As earmarked in the GATS world trade agreement (General Agreement on Trade in Services), educational institutions fall under the term service providers. This is also the perspective of EU-domestic market policy, in perfect harmony with Bertelsmann. Whether the existing agreement of interests between the Bertelsmann “octopus” and the “mosquitoes” will continue in these nascent processes of privatization and commercialization is dubious. The once ingenious chess move of the Bertelsmann could turn against itself.


The fact that foundations can play a dominant role today in the reconfiguration of civil society and educational spaces is very ambivalent. New possibilities for democratic organization may be offered here. In its new form, the German foundation is an effective lever of tax advantages of the rich and super-rich… The goal is building a third sector between the state and the economy. Supplementing the strategic policy of “empty public treasuries,” this way to the presumed strengthening of “civil society” promotes the current inequality between poor and rich and exclusion of a large part of the population from political involvement. Since there is historically little reason to transfigure the social structures that defined Germany in the past, the genesis of this third sector may produce new possibilities for action. Why shouldn’t new actors be involved?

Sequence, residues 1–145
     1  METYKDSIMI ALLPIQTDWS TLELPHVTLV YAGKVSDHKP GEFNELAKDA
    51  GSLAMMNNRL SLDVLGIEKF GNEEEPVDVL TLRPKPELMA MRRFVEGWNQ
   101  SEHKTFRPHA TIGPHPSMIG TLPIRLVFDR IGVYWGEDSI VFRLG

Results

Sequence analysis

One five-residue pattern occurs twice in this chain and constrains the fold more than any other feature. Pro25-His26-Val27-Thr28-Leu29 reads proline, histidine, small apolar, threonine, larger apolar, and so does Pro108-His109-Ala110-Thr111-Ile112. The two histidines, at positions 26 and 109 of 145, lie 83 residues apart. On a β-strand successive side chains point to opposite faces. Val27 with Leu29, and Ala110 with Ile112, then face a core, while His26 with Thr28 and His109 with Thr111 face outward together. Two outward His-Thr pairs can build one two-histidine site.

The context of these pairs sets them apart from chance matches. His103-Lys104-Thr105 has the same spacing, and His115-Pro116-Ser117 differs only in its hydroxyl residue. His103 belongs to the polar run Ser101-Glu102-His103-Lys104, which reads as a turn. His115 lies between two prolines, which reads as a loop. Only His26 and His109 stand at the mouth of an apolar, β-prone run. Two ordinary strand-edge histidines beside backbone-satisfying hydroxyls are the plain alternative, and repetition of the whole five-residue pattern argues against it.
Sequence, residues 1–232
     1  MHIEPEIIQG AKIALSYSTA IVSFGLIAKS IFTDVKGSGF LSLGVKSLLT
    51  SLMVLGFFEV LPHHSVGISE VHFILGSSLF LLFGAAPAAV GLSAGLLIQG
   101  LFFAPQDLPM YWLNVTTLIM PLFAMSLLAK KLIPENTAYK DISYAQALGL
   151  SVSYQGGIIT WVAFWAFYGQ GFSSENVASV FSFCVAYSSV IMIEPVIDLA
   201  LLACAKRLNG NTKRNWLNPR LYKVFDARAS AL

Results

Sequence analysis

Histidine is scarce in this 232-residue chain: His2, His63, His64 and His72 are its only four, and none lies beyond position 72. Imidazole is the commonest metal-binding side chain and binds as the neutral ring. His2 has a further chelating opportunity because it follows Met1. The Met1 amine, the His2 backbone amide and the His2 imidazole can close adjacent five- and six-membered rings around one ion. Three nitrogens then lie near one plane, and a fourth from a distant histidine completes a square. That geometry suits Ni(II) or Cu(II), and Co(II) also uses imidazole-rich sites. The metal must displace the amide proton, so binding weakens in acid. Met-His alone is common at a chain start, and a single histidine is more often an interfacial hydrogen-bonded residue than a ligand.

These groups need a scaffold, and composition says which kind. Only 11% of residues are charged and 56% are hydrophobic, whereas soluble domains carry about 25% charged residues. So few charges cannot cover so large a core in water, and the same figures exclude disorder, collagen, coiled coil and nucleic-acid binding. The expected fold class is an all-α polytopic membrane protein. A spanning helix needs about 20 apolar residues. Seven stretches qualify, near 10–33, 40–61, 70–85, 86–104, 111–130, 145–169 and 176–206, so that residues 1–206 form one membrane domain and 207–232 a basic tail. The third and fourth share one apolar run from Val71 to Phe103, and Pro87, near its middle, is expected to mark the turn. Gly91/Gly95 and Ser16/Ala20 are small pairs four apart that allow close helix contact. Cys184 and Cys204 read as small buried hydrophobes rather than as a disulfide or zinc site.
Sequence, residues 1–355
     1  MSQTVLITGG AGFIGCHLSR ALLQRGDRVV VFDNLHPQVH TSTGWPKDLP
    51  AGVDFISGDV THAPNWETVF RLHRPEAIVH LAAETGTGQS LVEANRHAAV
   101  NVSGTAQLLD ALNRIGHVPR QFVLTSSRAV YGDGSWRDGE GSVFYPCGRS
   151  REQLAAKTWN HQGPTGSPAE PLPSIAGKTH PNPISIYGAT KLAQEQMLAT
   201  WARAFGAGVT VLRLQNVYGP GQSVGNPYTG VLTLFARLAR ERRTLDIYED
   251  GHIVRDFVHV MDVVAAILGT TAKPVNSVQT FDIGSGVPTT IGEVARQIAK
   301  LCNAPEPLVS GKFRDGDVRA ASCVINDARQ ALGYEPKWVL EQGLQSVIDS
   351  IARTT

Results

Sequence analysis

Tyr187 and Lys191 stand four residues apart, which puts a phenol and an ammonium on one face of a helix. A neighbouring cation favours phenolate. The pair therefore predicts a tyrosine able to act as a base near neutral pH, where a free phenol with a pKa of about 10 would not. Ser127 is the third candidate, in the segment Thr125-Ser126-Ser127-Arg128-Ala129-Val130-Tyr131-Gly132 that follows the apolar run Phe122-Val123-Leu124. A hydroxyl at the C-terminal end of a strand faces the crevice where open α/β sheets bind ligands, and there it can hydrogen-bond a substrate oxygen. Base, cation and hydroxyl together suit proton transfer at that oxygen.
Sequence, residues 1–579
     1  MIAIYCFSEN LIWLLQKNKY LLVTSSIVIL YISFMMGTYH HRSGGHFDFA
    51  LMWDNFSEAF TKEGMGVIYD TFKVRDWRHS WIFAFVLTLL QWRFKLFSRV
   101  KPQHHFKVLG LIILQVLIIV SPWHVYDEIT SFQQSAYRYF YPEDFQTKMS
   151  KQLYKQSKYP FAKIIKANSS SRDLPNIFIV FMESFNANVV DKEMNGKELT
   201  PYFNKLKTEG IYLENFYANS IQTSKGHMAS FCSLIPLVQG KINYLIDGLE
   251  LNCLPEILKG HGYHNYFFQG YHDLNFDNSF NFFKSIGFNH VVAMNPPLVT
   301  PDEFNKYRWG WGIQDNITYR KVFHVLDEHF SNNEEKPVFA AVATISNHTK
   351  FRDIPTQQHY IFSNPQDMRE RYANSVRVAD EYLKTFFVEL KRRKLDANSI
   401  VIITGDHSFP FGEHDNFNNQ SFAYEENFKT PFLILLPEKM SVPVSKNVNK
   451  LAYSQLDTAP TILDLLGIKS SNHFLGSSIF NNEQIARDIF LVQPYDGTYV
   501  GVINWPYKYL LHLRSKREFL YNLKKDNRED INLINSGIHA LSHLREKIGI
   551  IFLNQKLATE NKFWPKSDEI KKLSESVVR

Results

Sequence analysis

What can people do who work in the pedagogical area? At least three things: firstly, consider more carefully with whom one cooperates. Foundations and third parties are not identical. All “civil society” is not the same. Secondly, they should ask whether the general pedagogical idea that enlightened conduct should have its own structure and logic over against the economic can really be harmlessly thrown overboard. Thirdly, more network analyses of new post-national influencing structures should be pursued and publicized as long as we still have a public.

Ingrid Lohmann